Two AOL Employees, Two AOL Stories

new aol logo blobOliver Miller, a former contributor to AOL TV, wrote last week about his life as a “content slave” for the media juggernaut.

Over the course of less than a year, he churned out 350,000 words on TV for ten cents a word, and felt like life was pretty good.

But not all was well: “We … were all so grateful. Which allowed us to ignore … the fact that AOL editors forced us to work relentless hours. Or the fact that we were paid to lie, actually instructed to lie by our bosses.”

According to Miller, the job went like this: AOL sent him short, 2-minute video clips of a TV show; he wrote about the clips as if he’d watched the whole episode.

“I had panic attacks; we all did. My fellow writers would fall asleep, and then wake up in cold sweats.” When “The AOL Way” came out, it got worse, he said: the emphasis on speed and SEO got even more prominent.

Miller says he was ultimately fired for making a snarky aside about Alec Baldwin, who had just signed on to promote AOL’s brand. It’s possible he was cut not because he was targeted but because, according to others, AOL was not very careful when wielding the axe and cut freelancers indiscriminately.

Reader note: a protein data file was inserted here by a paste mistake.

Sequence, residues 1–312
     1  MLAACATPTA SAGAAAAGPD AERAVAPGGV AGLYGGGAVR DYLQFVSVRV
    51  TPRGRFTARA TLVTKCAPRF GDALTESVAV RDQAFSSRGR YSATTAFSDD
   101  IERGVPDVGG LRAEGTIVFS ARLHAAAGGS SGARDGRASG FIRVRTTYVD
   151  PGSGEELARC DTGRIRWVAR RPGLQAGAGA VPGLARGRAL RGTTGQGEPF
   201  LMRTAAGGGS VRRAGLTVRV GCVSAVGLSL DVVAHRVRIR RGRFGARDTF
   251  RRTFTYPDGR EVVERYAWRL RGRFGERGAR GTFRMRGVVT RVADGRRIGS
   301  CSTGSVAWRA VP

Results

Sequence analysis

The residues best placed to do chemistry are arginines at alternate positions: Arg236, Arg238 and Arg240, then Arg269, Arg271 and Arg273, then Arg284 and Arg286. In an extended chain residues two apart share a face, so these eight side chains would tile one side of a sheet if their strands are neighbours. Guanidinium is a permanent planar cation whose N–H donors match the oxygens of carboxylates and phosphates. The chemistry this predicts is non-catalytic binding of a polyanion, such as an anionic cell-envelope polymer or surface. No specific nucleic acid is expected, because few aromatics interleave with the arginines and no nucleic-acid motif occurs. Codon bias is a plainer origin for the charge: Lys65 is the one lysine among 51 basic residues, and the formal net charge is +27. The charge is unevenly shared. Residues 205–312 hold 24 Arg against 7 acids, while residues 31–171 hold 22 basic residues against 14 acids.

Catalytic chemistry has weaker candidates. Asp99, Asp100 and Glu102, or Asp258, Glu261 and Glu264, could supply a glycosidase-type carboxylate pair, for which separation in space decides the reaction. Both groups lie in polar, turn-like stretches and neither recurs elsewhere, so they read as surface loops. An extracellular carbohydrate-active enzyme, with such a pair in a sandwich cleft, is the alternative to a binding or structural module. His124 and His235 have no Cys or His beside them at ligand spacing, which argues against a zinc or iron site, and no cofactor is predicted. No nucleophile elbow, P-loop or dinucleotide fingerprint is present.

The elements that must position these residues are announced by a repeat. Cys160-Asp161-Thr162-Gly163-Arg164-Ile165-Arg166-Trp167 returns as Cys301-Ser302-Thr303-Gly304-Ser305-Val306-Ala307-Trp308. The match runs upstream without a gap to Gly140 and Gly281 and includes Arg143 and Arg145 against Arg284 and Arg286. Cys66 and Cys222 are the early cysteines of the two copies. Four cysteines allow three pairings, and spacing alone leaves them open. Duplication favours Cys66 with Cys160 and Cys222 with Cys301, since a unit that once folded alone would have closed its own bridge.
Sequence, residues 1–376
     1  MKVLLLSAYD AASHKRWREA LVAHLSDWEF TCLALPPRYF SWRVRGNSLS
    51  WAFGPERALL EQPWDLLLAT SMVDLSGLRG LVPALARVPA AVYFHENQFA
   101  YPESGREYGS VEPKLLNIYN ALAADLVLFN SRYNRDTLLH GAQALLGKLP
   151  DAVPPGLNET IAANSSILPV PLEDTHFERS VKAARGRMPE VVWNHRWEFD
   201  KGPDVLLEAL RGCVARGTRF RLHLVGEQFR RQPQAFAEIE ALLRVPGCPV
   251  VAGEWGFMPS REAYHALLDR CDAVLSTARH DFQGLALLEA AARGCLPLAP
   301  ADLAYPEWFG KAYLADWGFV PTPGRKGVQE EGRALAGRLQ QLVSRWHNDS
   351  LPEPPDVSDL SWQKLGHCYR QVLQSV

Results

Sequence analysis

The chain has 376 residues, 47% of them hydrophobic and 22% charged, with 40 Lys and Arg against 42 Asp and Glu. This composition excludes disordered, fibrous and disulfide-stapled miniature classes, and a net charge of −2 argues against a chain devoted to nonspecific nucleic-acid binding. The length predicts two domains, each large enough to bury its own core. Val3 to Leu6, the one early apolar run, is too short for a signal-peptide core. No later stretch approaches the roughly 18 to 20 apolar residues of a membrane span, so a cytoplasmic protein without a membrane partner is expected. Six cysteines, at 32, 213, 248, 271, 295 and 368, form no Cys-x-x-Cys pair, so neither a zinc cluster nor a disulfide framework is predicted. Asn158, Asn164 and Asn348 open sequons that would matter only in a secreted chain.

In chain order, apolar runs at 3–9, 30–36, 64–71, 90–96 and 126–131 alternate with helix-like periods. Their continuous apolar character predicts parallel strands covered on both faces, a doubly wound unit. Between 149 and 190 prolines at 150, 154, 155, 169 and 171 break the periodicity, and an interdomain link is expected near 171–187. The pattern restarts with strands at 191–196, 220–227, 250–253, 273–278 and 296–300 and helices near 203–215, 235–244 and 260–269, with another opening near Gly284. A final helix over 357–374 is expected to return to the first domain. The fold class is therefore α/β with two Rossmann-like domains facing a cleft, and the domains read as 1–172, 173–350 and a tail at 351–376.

Either way, he was cut. And five months later, no fulltime writing gig.

(We reached out to AOL media relations about Miller’s allegations of how the Television site worked, but got no response.)


On the other side of things, Benjamin Robert Gilbert, who freelances for AOL’s Joystiq, says it’s not all that bad.

He says:

In the approximately four months since that supposed leak [of The AOL Way], I’ve seen zero change in our editorial policy at Joystiq. We vet everything we run doggedly, every piece that gets published sees the eye of a copy editor before going live (except in rare occasions like, say, a liveblog), and I’ve never once been asked to take a different angle on a piece because it was “sexier” or more Googleable. If anything, since the Huffington Post acquisition, I’ve heard more than ever about the importance of quality content. Admittedly, I’ve rearranged headlines to give them better SEO, for sure, and that’s nothing new. As in, “That’s nothing new to writing things on the internet, for anyone.” This might blow your mind, but we’d like news that we write to be the first thing you find when you search for it on Google.

There you have it. People with conflicting opinions on the Internet. Who knew?